Potato Salads and Highways

huge.102.510428Is it really so arrogant and intolerant to think you know the truth? Let’s start with simple cases. I happen to know that the potato salad is spoiled, and the last three diners got sick just from eating it. Would it be arrogant for me to warn the others? You happen to know that the public library is this way, but the motorist who asked me for directions is headed that way. Would it be intolerant for you to suggest that he turn around, and tell him why? Is it really so arrogant and intolerant to think you know the truth? Let’s start with simple cases. I happen to know that the potato salad is spoiled, and the last three diners got sick just from eating it. Would it be arrogant for me to warn the others? You happen to know that the public library is this way, but the motorist who asked me for directions is headed that way. Would it be intolerant for you to suggest that he turn around, and tell him why?

k14209886Of course no one takes this line about potato salads or highways. On the other hand, people do take this line about who God is and how to live. “God and how to live are matters of opinion,” they say. “Where things are and what you can safely eat — those are matters of fact.” Yes, of course they are matters of fact, but they are opinions too. After all, people may have different views about just what the facts are. The other diners might be of the opinion that the potato salad is wholesome. The lost motorist might be of the opinion that his general direction is correct. Surely that wouldn’t make me arrogant to contradict them.

Science 6Differences of opinion arise even in the sciences. Paleontologist Stephen Jay Gould is of the opinion that Darwinian evolution is a fact; biochemist Michael J. Behe is of the opinion that it’s not. Each scientist says that he’s right; each scientist says that the other is wrong. Does that make him arrogant or intolerant? Not necessarily — although, of course, he might be. The rule is that each one should offer evidence for what he thinks, listen to the evidence offered by his opponent, and not try to shut him up. That’s how science is supposed to work. Arrogance doesn’t come from having convictions; it comes from having the wrong convictions about how to treat people who don’t share them with you. Humility doesn’t come from not having convictions; it comes from having the right convictions about the importance of gentleness and respect.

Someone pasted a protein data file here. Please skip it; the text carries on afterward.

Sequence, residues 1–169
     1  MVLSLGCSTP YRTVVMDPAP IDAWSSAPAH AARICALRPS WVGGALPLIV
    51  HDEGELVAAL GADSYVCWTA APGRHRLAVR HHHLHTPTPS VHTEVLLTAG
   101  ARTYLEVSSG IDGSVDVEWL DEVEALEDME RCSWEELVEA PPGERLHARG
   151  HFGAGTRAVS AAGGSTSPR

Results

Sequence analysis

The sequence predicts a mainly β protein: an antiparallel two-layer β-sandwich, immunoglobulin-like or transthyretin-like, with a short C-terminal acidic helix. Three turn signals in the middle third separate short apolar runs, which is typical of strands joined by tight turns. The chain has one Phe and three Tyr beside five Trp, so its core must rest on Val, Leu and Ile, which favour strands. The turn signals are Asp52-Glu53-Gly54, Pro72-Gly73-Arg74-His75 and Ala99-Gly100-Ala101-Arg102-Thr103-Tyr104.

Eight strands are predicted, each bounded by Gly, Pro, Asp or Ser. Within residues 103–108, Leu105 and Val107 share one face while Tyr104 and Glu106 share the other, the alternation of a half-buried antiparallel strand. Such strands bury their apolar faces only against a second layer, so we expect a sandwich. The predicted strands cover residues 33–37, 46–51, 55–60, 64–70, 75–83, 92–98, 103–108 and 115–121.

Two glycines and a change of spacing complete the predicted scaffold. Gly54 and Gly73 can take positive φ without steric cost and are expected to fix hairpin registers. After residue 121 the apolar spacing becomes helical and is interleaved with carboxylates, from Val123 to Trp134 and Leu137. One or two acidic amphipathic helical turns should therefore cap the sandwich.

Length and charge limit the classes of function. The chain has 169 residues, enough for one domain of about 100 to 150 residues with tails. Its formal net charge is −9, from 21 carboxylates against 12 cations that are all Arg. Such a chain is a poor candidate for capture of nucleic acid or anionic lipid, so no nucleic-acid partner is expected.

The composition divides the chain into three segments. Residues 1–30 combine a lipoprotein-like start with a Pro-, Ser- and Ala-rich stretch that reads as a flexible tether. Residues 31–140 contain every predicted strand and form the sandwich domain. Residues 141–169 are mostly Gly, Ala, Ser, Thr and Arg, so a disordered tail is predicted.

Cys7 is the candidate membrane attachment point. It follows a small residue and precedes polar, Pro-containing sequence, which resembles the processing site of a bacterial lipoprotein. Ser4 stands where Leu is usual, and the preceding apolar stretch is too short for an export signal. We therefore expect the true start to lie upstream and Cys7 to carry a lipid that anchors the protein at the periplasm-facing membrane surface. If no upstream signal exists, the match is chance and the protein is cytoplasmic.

What gives the myth of the intolerance of knowing truth its strength? Its power comes from a picture — not a photograph or a painting, but an image many people carry in their minds. In the picture, a man is being burned at the stake. He’s there because other people, who say they have the truth, are angry with him for saying that they don’t. I agree that such a thing should never happen. But in my mind is a different picture. In mine a man is also being burned at the stake — I almost said, being hung on a cross. He’s there because other people, who say there isn’t any truth, are angry with him for saying that there is.

–J. Budziszewski

Why Bad Science Is Like Bad Religion

Angry funny guy reproaching somebody

In both religion and science, some people are dishonest, exploitative, incompetent and exhibit other human failings. My concern here is with the bigger picture.

I have been a scientist for more than 40 years, having studied at Cambridge and Harvard. I researched and taught at Cambridge University, was a research fellow of the Royal Society, and have more than 80 publications in peer-reviewed journals. I am strongly pro-science. But I am more and more convinced that the spirit of free inquiry is being repressed within the scientific community by fear-based conformity. Institutional science is being crippled by dogmas and taboos. Increasingly expensive research is yielding diminishing returns.